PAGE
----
The Transportation Security Administration's (TSA) natural gas and oil pipeline security guidelines aren't keeping pace with cybersecurity standards, according to a study by the U.S. Government Accountability Office (GAO).
Revisions to TSA's pipeline security guidelines issued earlier this year did not include all elements of the National Institute for Standards and Technology Framework for Improving Critical Infrastructure Cybersecurity, and TSA does not have a documented process for reviewing and revising its guidelines on a regular basis, according to the GAO report.
"Without such a documented process, TSA cannot ensure that its guidelines reflect the latest known standards and best practices for physical security and cybersecurity, or address the dynamic security threat environment that pipelines face," GAO said.
In addition, GAO found that TSA relies on the industry's self-evaluation "using ill-defined criteria" to determine whether pipeline operators have critical facilities within their pipeline systems. "As a result, approximately one third of the top 100 systems based on volume indicated to TSA that they do not have any critical facilities and TSA did not conduct an onsite review of these facilities," GAO said.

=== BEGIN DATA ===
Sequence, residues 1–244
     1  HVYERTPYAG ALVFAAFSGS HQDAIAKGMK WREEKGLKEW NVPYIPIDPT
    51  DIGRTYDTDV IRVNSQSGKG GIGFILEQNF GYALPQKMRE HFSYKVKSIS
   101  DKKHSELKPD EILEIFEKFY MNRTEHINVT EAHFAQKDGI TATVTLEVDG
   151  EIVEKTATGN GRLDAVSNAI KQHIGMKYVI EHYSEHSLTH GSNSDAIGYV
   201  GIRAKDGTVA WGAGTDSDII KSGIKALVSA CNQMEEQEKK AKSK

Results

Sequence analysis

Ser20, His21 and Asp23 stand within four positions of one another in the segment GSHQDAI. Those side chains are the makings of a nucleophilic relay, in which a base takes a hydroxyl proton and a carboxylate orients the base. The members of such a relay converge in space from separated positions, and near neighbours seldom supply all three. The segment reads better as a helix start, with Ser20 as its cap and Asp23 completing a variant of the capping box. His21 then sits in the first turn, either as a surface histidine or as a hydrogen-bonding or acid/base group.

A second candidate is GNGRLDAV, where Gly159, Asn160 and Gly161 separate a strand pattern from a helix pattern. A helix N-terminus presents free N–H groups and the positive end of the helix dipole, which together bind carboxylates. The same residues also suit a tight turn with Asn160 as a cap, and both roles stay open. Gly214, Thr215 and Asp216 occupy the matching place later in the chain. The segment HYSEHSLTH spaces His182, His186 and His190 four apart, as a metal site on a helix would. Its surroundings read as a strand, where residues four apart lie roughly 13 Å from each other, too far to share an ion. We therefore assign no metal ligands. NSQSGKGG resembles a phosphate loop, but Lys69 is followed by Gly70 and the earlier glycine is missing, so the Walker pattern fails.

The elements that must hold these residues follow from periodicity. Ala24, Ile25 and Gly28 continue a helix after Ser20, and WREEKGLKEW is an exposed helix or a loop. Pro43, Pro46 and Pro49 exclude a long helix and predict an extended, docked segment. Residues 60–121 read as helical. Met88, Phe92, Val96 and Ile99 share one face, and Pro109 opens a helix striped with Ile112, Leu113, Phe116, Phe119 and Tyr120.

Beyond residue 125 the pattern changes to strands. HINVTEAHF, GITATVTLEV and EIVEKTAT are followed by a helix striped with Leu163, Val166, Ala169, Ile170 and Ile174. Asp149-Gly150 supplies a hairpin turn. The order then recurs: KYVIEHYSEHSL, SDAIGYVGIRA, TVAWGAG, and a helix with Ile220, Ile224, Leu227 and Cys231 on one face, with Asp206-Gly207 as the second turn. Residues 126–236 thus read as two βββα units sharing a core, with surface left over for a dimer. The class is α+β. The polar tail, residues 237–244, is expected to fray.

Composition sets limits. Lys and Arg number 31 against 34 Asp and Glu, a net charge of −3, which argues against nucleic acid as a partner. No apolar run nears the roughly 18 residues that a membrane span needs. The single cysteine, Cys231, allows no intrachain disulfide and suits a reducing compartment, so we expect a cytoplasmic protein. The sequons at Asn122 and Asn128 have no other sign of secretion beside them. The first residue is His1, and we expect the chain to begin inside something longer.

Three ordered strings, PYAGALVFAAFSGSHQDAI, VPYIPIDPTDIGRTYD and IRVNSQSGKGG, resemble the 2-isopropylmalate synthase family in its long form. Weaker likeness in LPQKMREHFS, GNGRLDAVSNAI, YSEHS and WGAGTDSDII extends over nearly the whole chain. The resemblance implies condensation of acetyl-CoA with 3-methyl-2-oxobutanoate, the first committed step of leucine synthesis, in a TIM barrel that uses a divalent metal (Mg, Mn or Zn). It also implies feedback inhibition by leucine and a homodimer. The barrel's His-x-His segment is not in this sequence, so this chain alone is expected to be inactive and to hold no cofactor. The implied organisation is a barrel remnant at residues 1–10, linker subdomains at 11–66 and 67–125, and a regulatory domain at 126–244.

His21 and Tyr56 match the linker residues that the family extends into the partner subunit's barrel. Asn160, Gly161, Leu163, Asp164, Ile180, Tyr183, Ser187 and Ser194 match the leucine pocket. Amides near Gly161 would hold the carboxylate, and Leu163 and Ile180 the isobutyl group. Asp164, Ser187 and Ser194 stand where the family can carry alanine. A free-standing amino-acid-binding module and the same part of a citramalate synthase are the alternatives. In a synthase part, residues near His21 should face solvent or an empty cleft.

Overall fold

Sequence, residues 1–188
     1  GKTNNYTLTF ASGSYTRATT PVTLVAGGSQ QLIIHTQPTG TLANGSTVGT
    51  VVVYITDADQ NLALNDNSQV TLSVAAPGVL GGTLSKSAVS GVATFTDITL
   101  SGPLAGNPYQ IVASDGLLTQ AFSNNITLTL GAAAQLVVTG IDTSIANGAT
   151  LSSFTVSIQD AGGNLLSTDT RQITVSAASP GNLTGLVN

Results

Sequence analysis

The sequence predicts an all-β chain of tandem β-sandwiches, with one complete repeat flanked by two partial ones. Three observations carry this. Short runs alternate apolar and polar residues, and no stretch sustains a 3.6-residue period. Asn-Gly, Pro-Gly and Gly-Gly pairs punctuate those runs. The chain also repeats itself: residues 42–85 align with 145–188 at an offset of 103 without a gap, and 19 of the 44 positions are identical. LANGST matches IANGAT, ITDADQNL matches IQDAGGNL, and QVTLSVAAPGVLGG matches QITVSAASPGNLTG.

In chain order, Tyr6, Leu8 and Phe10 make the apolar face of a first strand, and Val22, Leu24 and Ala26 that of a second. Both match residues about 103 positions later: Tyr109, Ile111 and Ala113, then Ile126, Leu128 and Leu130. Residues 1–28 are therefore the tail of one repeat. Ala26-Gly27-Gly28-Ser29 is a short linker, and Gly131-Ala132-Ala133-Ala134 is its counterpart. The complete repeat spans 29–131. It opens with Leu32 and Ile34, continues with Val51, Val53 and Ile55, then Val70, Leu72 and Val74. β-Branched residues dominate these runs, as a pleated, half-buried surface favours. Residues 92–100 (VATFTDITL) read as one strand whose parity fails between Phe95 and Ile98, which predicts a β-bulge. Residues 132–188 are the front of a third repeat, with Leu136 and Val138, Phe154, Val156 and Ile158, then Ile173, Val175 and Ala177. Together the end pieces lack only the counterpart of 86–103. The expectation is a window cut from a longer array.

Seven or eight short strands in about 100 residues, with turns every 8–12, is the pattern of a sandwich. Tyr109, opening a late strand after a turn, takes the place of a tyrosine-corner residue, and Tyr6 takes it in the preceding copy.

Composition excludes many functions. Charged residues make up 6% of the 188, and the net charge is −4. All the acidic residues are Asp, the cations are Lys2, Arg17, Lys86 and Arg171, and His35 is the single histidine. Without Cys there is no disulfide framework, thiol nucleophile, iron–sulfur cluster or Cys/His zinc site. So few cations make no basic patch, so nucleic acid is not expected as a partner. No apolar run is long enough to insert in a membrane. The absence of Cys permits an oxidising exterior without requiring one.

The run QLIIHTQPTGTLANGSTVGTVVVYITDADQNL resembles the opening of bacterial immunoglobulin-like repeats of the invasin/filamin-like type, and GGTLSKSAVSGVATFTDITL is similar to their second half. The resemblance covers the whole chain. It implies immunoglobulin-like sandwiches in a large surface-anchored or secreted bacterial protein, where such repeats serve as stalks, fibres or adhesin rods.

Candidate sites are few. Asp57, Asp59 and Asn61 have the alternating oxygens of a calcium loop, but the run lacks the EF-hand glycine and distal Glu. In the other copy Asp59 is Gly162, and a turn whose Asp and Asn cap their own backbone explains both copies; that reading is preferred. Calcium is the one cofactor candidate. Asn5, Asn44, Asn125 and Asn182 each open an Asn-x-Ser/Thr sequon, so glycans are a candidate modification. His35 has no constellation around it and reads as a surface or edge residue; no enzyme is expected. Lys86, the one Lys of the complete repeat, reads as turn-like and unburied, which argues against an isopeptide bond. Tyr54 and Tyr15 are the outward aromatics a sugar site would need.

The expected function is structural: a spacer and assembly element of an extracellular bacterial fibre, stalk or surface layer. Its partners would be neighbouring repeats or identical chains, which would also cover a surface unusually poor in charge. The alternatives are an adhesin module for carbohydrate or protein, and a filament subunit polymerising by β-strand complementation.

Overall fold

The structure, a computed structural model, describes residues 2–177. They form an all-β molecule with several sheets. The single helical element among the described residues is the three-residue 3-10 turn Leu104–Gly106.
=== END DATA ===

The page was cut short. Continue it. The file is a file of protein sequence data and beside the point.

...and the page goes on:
GAO made 10 recommendations to TSA to improve its pipeline security program management, including establishing better processes for updating guidelines and assessing risks.
TSA is an agency of the U.S. Department of Homeland Security (DHS).
Sen. Maria Cantwell (D-WA) and Rep. Frank Pallone (D-NJ) on Wednesday released a letter calling on DHS Secretary Kirstjen Nielsen "to perform an assessment of current cyber and physical security protections for U.S. natural gas, oil, and other hazardous liquid pipelines and associated infrastructure," and to "request a specific plan of action as to how DHS will address GAO's concerns."
Earlier this year, FERC Commissioners Neil Chatterjee and Richard Glick suggested shifting natural gas pipeline cybersecurity oversight from TSA to the Department of Energy (DOE). Electricity grid operators are required to comply with Federal Energy Regulatory Commission security standards, but there are no comparable standards for the nation's network of natural gas pipelines, they said.